Originally Posted by markbvt
You're really complaining about $10? It's less than the price of a frigging movie ticket.
The data feed may be free, but the app to access it and parse the data is still worth paying for to reward the developer's time and effort. For your measly $10, you get an outstanding app that has useful features and doesn't have ads plastered all over it.
I ride a Wee-Strom; I'm pretty damn cheap. And even I think $10 for a solid, genuinely useful piece of software is a great deal.
Bit of a late reply. I'm not cheap, but I like to seek value for my money. The Accuweather app does the same thing and it's free. I too used a similar feed and other satellite imagery for defining pest infestations in crops, down to the 1/2 acre scale. Drastically cut the use of pesticides (good for the planet) and cost (good for the farmer). That application was unique (at the time), so people were willing to pay for it.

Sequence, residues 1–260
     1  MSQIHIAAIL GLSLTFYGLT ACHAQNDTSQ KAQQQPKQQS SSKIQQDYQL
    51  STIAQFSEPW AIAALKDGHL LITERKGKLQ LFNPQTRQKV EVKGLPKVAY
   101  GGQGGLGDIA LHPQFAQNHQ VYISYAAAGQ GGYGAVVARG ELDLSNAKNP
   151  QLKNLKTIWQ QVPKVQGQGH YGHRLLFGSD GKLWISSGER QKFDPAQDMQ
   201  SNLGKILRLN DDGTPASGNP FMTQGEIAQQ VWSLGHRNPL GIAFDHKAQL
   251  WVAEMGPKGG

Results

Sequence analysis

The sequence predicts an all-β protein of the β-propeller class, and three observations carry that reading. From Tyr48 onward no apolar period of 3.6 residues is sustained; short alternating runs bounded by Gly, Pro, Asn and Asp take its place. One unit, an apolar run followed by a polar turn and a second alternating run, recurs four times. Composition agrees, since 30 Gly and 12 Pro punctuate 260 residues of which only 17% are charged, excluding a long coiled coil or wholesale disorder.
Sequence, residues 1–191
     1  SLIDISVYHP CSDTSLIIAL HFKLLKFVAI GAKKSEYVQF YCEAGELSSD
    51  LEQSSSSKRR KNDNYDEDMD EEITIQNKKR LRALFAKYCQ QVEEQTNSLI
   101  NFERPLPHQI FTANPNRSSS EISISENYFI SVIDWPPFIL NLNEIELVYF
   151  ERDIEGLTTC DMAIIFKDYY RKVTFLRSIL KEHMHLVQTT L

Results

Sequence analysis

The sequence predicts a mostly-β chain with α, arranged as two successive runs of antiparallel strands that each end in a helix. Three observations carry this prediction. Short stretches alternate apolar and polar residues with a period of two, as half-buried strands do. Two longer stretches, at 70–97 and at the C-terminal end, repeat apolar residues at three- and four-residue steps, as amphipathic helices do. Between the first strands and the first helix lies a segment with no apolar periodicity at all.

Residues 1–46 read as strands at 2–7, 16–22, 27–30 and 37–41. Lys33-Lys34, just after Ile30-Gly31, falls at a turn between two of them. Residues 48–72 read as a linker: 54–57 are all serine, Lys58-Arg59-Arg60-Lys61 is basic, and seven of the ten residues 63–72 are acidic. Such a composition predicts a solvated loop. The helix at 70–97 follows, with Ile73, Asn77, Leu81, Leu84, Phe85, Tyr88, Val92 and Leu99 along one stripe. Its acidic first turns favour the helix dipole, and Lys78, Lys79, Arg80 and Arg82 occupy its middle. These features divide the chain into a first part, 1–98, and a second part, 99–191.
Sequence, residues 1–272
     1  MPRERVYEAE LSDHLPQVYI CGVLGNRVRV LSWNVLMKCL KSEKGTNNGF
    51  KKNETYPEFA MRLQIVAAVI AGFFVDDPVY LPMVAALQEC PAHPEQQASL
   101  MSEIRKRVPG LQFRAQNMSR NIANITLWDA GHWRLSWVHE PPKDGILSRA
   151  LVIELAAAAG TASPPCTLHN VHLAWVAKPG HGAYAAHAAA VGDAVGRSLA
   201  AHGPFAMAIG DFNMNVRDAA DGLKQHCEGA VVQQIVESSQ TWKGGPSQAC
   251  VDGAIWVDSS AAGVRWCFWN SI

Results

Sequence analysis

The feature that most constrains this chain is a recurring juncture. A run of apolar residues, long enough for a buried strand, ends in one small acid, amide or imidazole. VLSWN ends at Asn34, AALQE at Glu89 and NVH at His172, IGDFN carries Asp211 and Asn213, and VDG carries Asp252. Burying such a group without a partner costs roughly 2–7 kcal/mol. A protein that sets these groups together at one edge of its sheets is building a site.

I'm all for rewarding the developer's time and effort. Especially since I've personally developed applications for which I was mostly paid handsomely.
However, I'm all about the free market. If you don't produce something that compelling enough, and keep ahead of the competition, people will go elsewhere. Sucks sometimes, especially after investing $80,000 for a digital signature application back in 1995 and $50,0000 on a mobile banking application back in 2000 (prototyped on a Psion Series 5). But, I wouldn't have it any other way.